• DNAInfo (NYC News), "9/11 Healthcare Advocate Recommends 5 Reliable Lawyers": "LOWER MANHATTAN -- John Feal, a leading advocate for first responders sickened at Ground Zero who helped push the federal 9/11 healthcare bill into law, has released a list of five lawyers he trusts to help those eligible collect the federal payouts. Feal previously warned responders not to sign any agreements with lawyers who had already started circling even before President Obama signed the James Zadroga 9/11 Health and Compensation Act earlier this month. But over the weekend, Feal and his staff at the FealGood Foundation released the names of those firms they feel are reliable, well-established, and prepared to fight for thousands of rescue and recovery workers to receive a share of the newly-created $2.8 billion Victim Compensation Fund."

  • Politico, "Schumer: TARP czar for 9/11 fund": "Sen. Chuck Schumer (D-N.Y.) asked Attorney General Eric Holder Thursday to appoint Kenneth Feinberg to administer the fund created by a recent law that provides health care and other benefits for some 9/11 first responders. Feinberg -- the former 'pay czar' for the Troubled Assets Relief Fund -- volunteered in a letter to Schumer to oversee the fund, which designates $4.3 billion to assist responders who became sick after in the aftermath of the World Trade Center attacks. Feinberg offered to do the job pro bono."

  • Confederation of Indian Industry, Jan. 5, news release, "Unfortunate to see US continue down protectionist path: CII," protesting the funding mechanism for the bill: "While CII understands and appreciates the need to compensate victims of terrorist attacks in the US, the new-found and easy practice of unfairly targeting foreign companies to pay for domestic imperatives is unjustified. Several critics have pointed to the absurdity of the provisions, which would be akin to India requiring US companies to pay for healthcare compensation of victims of the 26/11 terrorist attacks in Mumbai. Indian Ministry of Commerce and Industry has also termed it a 'retrograde step' in US-India economic relations."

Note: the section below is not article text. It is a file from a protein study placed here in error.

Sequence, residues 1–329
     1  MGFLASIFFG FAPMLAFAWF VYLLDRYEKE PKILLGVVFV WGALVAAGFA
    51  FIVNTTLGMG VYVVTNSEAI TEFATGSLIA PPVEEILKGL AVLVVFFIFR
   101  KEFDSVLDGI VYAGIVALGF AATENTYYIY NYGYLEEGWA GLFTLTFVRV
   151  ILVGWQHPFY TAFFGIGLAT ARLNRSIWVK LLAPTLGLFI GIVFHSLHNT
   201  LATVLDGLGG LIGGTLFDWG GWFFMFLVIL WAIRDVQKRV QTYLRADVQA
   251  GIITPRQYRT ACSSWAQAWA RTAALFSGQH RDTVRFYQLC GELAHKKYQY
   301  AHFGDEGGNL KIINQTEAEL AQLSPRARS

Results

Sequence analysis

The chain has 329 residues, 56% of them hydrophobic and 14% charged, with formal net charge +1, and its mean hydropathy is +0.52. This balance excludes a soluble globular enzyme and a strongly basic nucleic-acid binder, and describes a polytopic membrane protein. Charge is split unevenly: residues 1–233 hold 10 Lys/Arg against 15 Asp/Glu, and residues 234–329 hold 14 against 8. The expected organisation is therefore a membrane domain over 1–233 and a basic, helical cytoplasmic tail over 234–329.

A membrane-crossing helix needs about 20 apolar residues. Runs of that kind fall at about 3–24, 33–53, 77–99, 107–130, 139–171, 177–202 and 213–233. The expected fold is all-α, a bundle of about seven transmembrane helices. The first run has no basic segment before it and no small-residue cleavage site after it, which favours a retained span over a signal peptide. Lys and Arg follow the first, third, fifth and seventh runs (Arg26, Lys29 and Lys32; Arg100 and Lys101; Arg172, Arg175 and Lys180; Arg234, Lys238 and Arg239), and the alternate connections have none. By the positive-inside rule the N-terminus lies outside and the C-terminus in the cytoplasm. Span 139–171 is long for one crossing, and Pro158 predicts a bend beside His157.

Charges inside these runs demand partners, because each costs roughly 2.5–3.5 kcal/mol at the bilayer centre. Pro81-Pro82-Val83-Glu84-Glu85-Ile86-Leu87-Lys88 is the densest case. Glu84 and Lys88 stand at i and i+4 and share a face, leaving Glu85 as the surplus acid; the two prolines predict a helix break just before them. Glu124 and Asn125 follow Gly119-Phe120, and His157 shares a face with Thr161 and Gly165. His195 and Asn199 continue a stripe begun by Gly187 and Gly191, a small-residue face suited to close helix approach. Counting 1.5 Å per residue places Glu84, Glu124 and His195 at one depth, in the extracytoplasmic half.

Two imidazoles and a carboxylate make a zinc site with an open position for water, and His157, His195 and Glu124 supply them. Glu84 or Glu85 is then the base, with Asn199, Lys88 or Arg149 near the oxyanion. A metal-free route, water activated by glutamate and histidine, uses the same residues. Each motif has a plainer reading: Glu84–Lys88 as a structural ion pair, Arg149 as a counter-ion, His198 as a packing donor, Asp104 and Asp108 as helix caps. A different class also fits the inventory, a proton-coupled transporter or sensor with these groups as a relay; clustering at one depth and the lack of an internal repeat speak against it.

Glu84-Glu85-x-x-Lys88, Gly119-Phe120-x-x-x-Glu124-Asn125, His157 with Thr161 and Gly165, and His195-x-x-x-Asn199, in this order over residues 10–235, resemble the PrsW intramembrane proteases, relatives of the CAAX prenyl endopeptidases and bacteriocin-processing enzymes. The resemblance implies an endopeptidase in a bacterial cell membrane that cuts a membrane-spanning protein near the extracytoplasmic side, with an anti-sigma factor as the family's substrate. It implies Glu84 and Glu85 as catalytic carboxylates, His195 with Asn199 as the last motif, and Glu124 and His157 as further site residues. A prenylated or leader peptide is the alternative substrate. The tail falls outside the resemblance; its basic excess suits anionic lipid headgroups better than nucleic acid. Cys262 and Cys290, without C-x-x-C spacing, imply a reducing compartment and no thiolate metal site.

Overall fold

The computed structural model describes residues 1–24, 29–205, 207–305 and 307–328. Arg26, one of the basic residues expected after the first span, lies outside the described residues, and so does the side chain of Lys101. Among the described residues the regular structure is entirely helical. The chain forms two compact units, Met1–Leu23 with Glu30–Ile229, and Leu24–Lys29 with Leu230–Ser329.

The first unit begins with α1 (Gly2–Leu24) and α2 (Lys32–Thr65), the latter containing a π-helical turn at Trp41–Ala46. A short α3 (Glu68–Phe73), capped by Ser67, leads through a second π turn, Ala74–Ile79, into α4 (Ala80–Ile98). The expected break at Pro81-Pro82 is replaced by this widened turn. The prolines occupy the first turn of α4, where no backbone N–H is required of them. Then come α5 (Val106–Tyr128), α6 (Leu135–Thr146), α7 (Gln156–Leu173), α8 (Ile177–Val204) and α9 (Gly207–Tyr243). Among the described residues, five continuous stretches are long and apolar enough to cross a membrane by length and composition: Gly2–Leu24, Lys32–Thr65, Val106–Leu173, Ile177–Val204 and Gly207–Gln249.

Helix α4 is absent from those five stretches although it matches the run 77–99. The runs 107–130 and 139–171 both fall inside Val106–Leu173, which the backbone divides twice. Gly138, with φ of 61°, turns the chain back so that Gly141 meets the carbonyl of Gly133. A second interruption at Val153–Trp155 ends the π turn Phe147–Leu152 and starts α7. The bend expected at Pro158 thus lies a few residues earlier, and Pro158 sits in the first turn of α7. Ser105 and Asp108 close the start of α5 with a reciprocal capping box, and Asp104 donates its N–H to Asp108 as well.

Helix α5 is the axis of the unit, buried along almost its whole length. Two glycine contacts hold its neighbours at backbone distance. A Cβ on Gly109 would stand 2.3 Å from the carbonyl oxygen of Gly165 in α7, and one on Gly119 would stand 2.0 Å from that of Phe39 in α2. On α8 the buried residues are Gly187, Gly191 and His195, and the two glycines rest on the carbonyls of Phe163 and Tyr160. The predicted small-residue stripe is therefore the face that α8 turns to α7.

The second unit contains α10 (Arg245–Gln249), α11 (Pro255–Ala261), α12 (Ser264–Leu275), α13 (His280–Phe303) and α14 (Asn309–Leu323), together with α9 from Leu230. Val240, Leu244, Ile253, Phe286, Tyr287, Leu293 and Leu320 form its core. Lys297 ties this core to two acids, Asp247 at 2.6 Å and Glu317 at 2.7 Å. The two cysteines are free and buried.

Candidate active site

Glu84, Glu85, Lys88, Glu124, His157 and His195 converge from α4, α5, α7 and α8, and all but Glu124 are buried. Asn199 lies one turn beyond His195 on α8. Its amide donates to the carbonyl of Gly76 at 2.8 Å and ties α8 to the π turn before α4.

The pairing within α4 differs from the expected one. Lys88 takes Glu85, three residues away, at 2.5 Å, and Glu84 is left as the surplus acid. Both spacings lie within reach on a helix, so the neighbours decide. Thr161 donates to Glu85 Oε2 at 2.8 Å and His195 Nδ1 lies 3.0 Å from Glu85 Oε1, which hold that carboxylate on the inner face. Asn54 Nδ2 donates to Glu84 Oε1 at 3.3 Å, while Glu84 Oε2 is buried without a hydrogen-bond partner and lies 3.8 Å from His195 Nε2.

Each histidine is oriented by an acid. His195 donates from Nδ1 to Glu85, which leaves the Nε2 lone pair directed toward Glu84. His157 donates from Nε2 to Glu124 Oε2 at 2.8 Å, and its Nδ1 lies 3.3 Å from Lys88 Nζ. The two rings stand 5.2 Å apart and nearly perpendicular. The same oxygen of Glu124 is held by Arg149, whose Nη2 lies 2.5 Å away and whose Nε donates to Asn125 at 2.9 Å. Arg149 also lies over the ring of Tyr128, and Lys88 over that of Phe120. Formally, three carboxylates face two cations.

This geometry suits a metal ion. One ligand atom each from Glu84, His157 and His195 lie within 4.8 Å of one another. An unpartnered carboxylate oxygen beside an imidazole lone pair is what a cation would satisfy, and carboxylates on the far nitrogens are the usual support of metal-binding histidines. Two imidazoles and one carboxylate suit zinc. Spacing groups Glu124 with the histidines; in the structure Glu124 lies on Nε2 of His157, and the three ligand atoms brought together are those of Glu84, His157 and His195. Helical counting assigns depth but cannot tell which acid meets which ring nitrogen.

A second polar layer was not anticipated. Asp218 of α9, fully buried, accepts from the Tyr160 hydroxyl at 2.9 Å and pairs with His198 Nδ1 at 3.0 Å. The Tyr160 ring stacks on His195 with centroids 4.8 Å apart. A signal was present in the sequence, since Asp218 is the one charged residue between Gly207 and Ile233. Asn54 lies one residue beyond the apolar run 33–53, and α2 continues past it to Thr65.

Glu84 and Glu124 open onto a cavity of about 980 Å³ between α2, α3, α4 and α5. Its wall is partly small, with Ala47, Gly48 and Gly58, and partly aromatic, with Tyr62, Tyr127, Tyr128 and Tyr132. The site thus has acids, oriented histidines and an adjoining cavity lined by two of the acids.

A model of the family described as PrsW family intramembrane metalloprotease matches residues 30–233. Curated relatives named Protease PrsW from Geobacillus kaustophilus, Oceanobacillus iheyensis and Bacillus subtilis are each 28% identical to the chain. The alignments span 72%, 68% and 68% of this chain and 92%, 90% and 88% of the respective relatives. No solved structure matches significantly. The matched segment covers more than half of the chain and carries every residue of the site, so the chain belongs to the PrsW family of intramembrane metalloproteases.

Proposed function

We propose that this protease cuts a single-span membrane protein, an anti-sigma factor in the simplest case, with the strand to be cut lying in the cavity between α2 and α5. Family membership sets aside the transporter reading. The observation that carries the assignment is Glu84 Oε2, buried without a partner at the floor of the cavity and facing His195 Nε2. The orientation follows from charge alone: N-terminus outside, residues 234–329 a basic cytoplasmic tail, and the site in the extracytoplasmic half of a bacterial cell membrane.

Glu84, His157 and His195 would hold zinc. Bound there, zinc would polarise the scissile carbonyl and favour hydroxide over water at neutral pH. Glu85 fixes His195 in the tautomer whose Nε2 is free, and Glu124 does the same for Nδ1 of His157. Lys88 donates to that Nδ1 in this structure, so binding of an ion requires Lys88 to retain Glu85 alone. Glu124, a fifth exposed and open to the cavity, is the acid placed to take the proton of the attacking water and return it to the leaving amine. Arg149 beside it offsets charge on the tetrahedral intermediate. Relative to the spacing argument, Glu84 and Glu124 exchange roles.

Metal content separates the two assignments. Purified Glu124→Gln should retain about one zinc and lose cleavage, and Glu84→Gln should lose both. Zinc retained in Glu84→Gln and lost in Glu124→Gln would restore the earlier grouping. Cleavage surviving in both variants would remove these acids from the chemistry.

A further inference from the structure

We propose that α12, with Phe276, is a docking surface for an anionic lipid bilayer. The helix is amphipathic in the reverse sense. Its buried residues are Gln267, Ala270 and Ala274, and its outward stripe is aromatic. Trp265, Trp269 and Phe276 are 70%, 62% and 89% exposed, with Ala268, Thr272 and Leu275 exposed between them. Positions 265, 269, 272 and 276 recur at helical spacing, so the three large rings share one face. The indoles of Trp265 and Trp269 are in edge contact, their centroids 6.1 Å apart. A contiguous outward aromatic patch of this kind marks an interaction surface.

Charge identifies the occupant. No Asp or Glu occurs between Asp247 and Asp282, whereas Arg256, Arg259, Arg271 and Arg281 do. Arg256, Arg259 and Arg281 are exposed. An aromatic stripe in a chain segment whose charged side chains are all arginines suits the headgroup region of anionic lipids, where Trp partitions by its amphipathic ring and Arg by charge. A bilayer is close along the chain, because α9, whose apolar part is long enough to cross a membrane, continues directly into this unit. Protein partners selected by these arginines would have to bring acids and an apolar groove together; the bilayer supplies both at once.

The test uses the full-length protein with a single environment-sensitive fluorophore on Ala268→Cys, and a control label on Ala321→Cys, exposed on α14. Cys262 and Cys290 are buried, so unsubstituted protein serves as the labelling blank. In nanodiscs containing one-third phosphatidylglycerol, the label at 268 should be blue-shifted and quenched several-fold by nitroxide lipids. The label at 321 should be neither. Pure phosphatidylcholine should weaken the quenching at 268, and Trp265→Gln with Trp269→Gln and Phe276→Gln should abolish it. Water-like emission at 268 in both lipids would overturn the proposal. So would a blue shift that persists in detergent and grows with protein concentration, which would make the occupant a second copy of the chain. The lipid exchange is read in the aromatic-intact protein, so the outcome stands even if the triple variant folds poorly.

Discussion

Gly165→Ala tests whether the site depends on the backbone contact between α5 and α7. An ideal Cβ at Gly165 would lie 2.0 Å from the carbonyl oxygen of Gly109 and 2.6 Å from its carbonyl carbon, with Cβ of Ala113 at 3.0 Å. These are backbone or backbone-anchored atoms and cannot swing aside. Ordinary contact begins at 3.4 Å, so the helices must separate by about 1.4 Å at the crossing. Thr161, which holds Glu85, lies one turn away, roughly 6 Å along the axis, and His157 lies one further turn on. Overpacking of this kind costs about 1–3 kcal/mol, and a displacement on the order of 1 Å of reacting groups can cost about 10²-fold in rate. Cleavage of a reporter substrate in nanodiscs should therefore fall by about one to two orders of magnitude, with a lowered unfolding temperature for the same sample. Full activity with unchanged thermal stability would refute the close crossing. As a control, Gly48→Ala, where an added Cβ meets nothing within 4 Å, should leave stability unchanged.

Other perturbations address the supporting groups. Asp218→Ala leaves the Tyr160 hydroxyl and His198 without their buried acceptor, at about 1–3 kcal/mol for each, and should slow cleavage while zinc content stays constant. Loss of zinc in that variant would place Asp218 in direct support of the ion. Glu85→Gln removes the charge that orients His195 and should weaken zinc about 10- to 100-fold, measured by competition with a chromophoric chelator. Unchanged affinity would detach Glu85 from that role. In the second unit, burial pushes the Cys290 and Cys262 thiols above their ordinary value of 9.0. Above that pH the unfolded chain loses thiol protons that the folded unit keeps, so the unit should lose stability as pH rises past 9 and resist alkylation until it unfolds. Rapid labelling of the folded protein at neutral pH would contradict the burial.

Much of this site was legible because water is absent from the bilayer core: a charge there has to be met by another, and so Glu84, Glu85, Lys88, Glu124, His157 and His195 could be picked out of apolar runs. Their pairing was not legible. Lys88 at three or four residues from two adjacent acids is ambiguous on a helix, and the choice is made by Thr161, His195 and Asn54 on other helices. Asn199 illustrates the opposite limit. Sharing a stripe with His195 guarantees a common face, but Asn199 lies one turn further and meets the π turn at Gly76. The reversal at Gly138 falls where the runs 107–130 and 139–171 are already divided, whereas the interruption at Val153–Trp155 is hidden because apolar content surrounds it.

The fine print

Notable judicial figures who admit in speeches that they don't read the fine print in the last year: Chief Justice Roberts (ABA Journal; LA Times), Judge Posner (Blackman), Judge Easterbrook (Blackman, @tedfrank). It should pretty much be a standard interview question for judges and legislators at this point, no?

Around the web, January 13

Ransom v. FIA Card Services

When future advocates continue to push the myth of the right-wing pro-business Supreme Court, they'll count Ransom v. FIA Card Services, a bankruptcy statutory interpretation case where the Court sided with a bank against a debtor, in the right-wing pro-business column. But note that yesterday's 8-1 majority opinion was written by Justice Kagan (her first judicial opinion of any sort), and the dissenter was Justice Scalia. These decisions are not made on ideological grounds. More: BLT; Kerr @ Volokh; Blackman.

Class action attorney Bill Lerach once boasted "I have the greatest practice in the world. I have no clients." Technically, that's not supposed to happen: the lead plaintiff in the class action is supposed to be overseeing the case, and FRCP 23(a)(4) requires the lead plaintiff to be an adequate representative of the class. But very often, the class action plaintiff is just a figurehead: see, e.g., OL July 2008, OL May 2007, and numerous other examples.

In the pending case of In re HP Laser Printer Litigation (a C.D. Cal. case related to the Inkjet printer case I mentioned yesterday), we see an extraordinary allegation of this. One of the two lead plaintiffs, James C. Young—whose signature appears on the coupon settlement—has filed an objection to his own class action settlement, claiming that his lawyers, Kabateck Brown Kellner never told him that he was the lead plaintiff or what precisely he was signing. (Practice tip: this is why defense counsel should always depose the proposed lead plaintiff.)

KBK has filed papers with their own side of the story, though it's far from clear to me why they think they can file ex parte to get a deposition, or why Mr. Vlastone's testimony would save their class action.

Disclaimers: As Mr. Young mentions in his objection, the Center for Class Action Fairness (which is not affiliated with the Manhattan Institute) has a pending objection in this litigation; our objection is based on basic legal principles regarding coupon settlements, rather than any of Mr. Young's allegations. Mr. Young has also repeatedly attempted to contact me to ask me to represent him in the litigation; because the court has appointed Mr. Young lead plaintiff of the class and appointed counsel for the class, I am avoiding any return contact with Mr. Young to avoid any question of ethical impropriety; I am also in no position to represent the entire class against HP. I hope some lawyer out there offers to represent this whistleblower.

A "fountain of fees"

At Forbes.com, Daniel Fisher discusses the Center for Class Action Fairness's appeal of a rubber-stamp approval of a $21-million fee award for a coupon class action settlement in litigation against A.G. Edwards. The trial-court judge, Angela Quigless, who signed off on the windfall for the former Milberg Weiss, is frequently mentioned as a possible candidate for the federal bench in St. Louis. Earlier.

Update: more from Allison Frankel.